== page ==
When you look at a coral reef, the most striking feature and at the same time the quality that attracts the eye the most is the bright, beautiful and varied coloring of the coral formation. Many people think that corals are colorful in themselves, but this cannot be further from the truth – here are some amazing facts about how and why coral reefs become so beautifully colored.
Coral polyps being transparent, they need pigments coming from an external source to become colorful. This external source is actually a very internal one – they get their bright hues from the zooxanthellae algae that live inside them. These microscopic algae fulfill multiple roles. They provide not only the coloring pigments, but also the compounds the corals need for survival – that is, they provide most of the food for the polyps. The relationship between the coral and the algae is a very close, symbiotic one: the polyps provide the sheltered environment the algae need to be able to photosynthesize and, in return, the algae supply the polyps with the carbohydrates they need to survive. The pigments are practically by-products of the photosynthesis that the algae engage in.
Zooxanthellae algae are varied in terms of coloring. Most of them are of a yellowish-brownish color, lending their hosts the same hue, but the pigments they produce vary in color based on the amount of sunlight they get, as well as based on other features of the specific area of seabed they live on. When the light they get is very intensive, the algae tend to intensify their photosynthetic activity, too, which may lead to an increase in the amount of oxygen they produce. Too much oxygen may be harmful for the coral and, as a means to protect itself, the polyp may expose some of the algae, which results in lighter coloring.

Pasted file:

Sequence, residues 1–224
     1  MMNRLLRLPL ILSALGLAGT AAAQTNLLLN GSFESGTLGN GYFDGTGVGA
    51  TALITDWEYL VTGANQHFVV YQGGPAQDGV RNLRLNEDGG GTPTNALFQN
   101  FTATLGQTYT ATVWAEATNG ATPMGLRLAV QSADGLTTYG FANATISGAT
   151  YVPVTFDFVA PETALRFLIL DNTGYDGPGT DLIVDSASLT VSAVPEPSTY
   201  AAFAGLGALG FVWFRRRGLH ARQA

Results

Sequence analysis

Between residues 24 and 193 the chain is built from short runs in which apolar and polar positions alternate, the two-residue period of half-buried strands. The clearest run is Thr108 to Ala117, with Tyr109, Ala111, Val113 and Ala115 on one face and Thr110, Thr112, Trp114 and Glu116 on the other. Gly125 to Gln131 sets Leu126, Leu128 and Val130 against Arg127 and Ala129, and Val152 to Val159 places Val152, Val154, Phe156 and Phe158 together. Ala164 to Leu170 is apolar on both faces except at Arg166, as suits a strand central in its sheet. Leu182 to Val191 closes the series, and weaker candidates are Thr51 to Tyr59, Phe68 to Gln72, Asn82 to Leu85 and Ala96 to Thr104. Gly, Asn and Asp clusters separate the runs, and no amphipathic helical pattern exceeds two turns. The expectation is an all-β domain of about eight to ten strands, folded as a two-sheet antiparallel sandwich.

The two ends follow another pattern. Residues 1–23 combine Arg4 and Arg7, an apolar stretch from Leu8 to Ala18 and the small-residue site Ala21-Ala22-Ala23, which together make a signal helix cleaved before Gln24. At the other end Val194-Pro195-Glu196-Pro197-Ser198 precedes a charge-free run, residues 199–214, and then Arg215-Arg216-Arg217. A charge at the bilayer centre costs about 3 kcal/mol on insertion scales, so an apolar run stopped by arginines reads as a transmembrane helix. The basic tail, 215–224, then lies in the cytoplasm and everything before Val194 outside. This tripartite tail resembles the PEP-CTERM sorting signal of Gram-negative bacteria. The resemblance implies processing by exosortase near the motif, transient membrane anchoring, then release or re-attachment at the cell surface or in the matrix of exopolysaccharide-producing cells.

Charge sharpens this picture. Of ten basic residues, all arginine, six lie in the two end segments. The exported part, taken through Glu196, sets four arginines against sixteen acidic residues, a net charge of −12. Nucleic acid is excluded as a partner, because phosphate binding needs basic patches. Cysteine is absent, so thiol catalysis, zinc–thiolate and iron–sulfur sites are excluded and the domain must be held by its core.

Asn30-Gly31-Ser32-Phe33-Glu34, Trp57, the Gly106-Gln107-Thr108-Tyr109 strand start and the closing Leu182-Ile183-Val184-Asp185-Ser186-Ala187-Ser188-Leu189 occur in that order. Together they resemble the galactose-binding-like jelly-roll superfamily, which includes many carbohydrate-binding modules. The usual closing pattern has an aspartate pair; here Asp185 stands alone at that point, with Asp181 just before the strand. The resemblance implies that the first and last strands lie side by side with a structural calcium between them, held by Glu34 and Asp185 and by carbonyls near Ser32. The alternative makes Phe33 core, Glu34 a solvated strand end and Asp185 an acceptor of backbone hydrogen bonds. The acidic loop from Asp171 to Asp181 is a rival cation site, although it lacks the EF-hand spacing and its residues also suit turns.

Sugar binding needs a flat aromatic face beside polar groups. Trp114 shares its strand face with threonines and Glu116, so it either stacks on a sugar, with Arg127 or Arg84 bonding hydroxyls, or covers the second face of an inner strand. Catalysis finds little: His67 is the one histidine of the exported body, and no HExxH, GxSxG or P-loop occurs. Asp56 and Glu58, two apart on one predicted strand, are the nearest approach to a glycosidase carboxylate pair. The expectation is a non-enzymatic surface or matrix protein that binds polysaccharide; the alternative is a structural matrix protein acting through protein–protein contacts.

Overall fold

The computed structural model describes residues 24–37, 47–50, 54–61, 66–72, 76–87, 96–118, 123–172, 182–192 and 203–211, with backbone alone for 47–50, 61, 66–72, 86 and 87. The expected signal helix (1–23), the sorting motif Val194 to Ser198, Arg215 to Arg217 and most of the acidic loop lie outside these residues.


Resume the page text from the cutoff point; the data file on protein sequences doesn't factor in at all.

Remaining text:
Coral reefs are very colorful formations, the following being the most common hues:
Red and orange – probably the most common coral colors of them all;
Black – many coral species have black or dark brown skeletons, often paired with tips of a different color;
Pink – this color appears when red or orange corals fade;
Blue – a very rare color in nature in general; blue corals are also very rare and strikingly beautiful!
We already know that corals get their colors from the billions of algae they live with, but there is still a lot to find out about the actual mechanism of pigmentation. If you take a look at a coral community, you will see that corals belonging to the same species and living in the very same area, getting the same amount of light and probably being inhabited by the same amount of algae still display different colors. One of the ways scientists are trying to account for these differences is by examining the genetic material of the polyps in search of differences, but there is still a lot we don’t know about the color polymorphism of the otherwise translucent coral polyps.